In 2009, the custodian appointed by the Supreme Court to manage Harshad Mehta assets started the process to auction eight out of the nine flats to pay off his debt to banks and the Income Tax (IT) department. While paying a price much lower than the predicted market rate, Mumbai-based stock broker Ashok Samani tried to buy the eight flats for Rs 32.6 crores.
However, the Mehta family later challenged the custodian move to auction the family-owned properties, saying that Harshad Mehta was not the owner of the property.
While rejecting the Mehta family plea, the court said, “What is pertinent is that the principal business of the family was dealing in shares and securities. The liabilities are arising out of the transactions in securities and shares. The properties have been purchased also by using the funds from the same business. Therefore, for clearing the liabilities (of Mehta) that have arisen, because of the transactions undertaken, the properties of all the members of the family who are notified will also have to be disposed of.”
Subsequently, Ashok Samani’s bid was cancelled and the matter became stuck in litigation.
See also: All about the SARFAESI Act
What did Harshad Mehta do?
At the time when Harshad Mehta perpetrated arguably the biggest securities fraud in India, the settlement cycle, the time within which brokers had to pay full money and take delivery of stocks or deliver stocks if sold, was 14 days. (The settlement cycle is now two days.) Also, a customer did not need to maintain a minimum balance to buy stocks and a broker did not need a Demat account to sell stock. All these loopholes in the system acted as an enabler for Harshad Mehta.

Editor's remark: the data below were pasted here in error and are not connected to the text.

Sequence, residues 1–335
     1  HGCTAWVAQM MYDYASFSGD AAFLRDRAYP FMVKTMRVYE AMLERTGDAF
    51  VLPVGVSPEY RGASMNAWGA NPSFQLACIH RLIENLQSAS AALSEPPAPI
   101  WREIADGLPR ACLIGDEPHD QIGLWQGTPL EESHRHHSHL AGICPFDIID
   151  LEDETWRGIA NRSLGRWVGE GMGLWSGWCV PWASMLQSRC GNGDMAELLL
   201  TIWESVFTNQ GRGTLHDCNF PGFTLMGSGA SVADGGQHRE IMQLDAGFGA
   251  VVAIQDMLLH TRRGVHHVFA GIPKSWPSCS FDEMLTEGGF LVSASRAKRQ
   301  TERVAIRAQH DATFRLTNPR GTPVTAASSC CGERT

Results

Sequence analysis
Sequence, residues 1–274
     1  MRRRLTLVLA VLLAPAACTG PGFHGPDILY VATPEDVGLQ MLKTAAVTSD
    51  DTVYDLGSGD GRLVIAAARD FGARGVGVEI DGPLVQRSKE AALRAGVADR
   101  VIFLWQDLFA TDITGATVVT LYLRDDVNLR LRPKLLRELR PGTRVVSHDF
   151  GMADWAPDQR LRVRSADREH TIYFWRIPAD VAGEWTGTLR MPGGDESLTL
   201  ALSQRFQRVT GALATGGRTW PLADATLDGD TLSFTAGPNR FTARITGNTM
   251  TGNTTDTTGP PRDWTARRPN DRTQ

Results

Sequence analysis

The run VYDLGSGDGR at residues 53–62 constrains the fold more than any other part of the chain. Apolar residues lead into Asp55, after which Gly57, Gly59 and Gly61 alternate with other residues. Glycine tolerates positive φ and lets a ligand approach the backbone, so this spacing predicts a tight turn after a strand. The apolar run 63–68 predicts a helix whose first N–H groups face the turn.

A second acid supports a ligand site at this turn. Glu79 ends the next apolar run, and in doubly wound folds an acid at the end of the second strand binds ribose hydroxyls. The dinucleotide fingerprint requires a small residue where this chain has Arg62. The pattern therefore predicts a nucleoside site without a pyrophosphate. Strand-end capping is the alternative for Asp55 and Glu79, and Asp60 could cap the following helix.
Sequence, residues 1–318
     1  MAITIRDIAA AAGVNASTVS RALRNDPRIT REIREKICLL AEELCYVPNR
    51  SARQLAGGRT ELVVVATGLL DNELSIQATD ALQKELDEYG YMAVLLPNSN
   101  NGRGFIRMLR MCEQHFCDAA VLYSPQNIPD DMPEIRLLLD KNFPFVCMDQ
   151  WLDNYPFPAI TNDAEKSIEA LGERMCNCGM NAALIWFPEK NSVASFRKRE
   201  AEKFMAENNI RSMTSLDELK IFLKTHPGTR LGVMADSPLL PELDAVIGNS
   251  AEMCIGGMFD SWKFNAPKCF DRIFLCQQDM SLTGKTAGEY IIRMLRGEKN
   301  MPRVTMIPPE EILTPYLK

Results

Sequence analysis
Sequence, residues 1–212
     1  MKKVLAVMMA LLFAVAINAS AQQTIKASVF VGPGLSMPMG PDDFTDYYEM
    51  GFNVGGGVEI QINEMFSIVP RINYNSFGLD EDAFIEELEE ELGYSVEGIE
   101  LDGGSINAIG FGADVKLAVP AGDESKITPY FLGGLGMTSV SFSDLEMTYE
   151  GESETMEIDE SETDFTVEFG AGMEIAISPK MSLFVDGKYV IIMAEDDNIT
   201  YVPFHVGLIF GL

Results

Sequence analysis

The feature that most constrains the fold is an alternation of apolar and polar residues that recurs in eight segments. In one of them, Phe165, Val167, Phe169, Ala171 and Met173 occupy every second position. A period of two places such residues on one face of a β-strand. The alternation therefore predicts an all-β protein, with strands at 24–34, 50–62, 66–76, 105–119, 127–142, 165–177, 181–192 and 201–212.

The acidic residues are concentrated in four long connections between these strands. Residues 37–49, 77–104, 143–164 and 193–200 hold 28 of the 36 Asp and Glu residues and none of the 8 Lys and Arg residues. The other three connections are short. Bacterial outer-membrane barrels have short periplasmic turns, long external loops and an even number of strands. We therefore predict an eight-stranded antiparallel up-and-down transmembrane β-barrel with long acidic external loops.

Harshad Mehta manipulated stocks by illegally procuring funds from several high-profile banks, including State Bank of India, UCO Bank and National Housing Bank, using fake bank receipts. Since banking norms at that time did not allow stock brokers to borrow funds from banks for trading purposes, Harshad Mehta found a way to work around this system. He got in touch with several banks, bought and sold government securities using a timeframe, during which he used the funds thus collected to buy shares of companies, fuelling prices. It is believed that even if one of his associates simply asked for the share price of a company stock, it was enough to shoot up the share price. Remarkably impressed with the success of his scheme, Harshad Mehta scaled up his fraud by asking banks to help him print fake bank receipts.
What is a bank receipt (BR)?
While selling securities, banks have to provide bank receipts to those buying these securities. These bank receipts act as a proof that the transaction has taken place. Since Harshad Mehta colluded with banks and was able to print fake bank receipts, anytime a bank wanted to have some securities, he provided fake bank receipts. In exchange, the bank would give money to Harshad Mehta. Using that money, Harshad Mehta invested in the stock market, dramatically shooting up the share price of some companies. When the stock price was at its peak, Harshad Mehta would sell the stock, making huge gains. Once this cycle was over, Harshad Mehta would return the bank’s money and take back his fake bank receipts.
Harshad Mehta had to face over 600 civil action suits and 70 criminal cases for the fraud he committed.
When did Harshad Mehta die?
Harshad Mehta died in 2001.
What cars did Harshad Mehta own?
Among the many cars Harshad Mehta owned included the Lexus Starlet, Toyota Corolla and Toyota Sera.
Where did Harshad Mehta work as a jobber?
Placed at a lower level clerical job at the brokerage firm Harjivandas Nemidas Securities, Harshad Mehta worked as a jobber for the broker Prasann Pranjivandas Broker.
Who revealed the Harshad Mehta scam?
Journalist Sucheta Dalal, working for The Times of India at that time, revealed the Harshad Mehta scam.
(Header image courtesy Soujanya Raj, Wikimedia Commons)